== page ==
DHS May Turn Away Immigrants Who Use Public Benefits
The U.S. Department of Homeland Security is considering turning away immigrants who have used a broad array of public benefits, including low-income health, educational and housing programs, according to an unpublished draft rule.
Currently, officials may only consider the use of cash assistance programs such as Temporary Assistance for Needy Families in deciding to exclude such individuals, but the draft rule would significantly expand the kinds of benefits that impact those determinations.
Tyler Houlton, a spokesperson for DHS, declined to confirm the pre-decisional proposal.
“The Administration is committed to enforcing existing immigration law, which is clearly intended to protect the American taxpayer,” Houlton told Law360. “Any potential changes to the rule would be in keeping with the letter and spirit of the law – as well as the reasonable expectations of the American people for the government to be good stewards of taxpayer funds.”
Under the rule, immigrants applying for a visa, adjustment of status or entry to the U.S. at the border would be required to establish that they have not been nor will they ever become a public charge.
Officials would have to consider an immigrant’s health, age, family status, financial stability, education and skills, as well as whether they or their dependent family members, including U.S. citizen children, have received public benefits within the last two years. Moreover, officials would examine whether an immigrant has a received a fee waiver for immigration benefits requests, such as an application for a new visa, and whether they received or are likely to receive subsidized health insurance.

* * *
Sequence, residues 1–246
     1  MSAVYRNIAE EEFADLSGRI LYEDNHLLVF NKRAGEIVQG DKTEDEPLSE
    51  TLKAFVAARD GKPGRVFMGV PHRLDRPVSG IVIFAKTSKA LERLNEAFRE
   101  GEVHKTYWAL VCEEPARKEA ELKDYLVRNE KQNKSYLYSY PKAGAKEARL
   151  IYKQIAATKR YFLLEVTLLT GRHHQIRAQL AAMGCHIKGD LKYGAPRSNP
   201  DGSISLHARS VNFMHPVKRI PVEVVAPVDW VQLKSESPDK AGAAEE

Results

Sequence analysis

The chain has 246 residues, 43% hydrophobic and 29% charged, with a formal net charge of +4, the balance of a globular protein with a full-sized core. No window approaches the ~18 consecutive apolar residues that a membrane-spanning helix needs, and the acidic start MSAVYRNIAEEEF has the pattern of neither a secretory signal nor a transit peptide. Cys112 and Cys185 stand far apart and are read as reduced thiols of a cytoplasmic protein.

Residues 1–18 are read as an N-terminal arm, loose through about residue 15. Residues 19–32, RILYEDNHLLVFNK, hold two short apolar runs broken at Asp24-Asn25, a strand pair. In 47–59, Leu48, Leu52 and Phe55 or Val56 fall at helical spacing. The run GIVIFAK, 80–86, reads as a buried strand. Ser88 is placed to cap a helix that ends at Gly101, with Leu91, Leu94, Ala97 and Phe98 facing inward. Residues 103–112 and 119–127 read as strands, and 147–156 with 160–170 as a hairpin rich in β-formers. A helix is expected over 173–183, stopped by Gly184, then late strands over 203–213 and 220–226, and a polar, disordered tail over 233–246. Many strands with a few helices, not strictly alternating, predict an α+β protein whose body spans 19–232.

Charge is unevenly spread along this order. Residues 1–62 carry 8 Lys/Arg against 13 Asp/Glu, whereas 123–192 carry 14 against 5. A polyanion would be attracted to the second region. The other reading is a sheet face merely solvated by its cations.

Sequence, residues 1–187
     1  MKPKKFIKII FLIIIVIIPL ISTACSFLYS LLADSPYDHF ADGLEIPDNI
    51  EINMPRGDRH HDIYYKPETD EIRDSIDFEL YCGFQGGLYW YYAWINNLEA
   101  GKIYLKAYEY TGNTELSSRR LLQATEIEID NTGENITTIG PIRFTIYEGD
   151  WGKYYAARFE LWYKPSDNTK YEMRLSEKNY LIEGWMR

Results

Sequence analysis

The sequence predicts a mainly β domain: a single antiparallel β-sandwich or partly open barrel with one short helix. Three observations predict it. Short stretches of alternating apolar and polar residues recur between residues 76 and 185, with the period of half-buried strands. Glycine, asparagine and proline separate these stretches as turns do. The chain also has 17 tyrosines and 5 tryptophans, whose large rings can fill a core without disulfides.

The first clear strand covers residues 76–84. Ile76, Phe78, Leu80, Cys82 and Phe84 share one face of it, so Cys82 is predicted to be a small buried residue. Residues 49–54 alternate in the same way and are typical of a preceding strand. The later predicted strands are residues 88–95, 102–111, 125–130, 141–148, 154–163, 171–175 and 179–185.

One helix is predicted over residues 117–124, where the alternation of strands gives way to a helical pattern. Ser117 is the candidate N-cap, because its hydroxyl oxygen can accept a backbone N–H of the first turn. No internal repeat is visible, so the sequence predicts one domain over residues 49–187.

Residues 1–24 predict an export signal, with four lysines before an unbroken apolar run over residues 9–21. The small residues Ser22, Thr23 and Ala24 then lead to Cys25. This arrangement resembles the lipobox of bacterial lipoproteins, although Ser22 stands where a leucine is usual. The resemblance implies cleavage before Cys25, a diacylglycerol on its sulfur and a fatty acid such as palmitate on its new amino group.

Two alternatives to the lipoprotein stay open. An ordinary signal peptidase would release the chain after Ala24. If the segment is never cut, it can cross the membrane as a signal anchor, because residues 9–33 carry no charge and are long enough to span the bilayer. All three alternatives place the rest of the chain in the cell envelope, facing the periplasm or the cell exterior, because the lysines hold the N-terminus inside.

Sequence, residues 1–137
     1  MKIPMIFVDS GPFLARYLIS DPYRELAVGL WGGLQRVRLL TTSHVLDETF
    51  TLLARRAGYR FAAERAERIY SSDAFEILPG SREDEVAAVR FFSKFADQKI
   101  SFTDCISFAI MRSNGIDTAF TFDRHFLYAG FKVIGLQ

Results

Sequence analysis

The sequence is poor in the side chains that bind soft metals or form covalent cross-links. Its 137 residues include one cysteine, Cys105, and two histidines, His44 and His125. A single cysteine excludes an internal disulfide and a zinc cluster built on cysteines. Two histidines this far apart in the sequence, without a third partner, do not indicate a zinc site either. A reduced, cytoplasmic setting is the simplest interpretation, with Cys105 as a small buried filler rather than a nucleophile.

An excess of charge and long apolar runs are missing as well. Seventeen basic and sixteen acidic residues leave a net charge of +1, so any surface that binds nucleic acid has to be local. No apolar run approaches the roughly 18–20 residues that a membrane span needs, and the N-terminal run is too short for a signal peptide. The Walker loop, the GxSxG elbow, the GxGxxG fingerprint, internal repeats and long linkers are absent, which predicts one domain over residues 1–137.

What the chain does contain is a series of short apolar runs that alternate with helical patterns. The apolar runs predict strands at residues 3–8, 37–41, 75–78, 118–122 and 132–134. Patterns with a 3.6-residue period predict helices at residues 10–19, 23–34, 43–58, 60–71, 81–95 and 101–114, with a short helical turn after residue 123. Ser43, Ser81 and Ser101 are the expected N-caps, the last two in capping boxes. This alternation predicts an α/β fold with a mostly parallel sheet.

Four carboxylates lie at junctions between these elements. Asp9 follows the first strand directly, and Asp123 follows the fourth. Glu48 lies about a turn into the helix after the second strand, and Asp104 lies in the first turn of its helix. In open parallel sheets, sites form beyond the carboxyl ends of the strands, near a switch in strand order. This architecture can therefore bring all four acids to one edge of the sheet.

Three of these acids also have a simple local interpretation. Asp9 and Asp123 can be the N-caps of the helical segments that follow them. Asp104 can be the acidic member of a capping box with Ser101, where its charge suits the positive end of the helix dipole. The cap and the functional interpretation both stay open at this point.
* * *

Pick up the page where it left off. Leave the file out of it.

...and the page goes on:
Only benefits utilized upon or after the rule’s implementation would be considered. A “heavily weighted negative factor” would be applied to immigrants who receive benefits for six consecutive months within the last two years after the rule is implemented.
Immigrants, however, who can demonstrate an income of more than 250 percent of the federal poverty level would be exempt from the rule.
The public charge doctrine was enacted in 1882, when Congress barred “idiots, lunatics, convicts and persons likely to become a public charge” from admission to the U.S., according for the Center for Immigration Studies. Jessica Vaughan, CIS’ director of policy studies, tweeted Friday that 51 percent of immigrant-headed households currently benefit from at least one federal welfare program.
Rebecca Vallas, the vice president of the Center for American Progress‘s poverty team, tweeted that the rule would “effectively punish immigrant families for accessing social services.”
“If these new rules go into effect, they won’t just make it harder for immigrant families to reunite – they’ll put them in the impossible position of having to choose between accessing services that their families need to thrive – and reuniting with loved ones,” she said.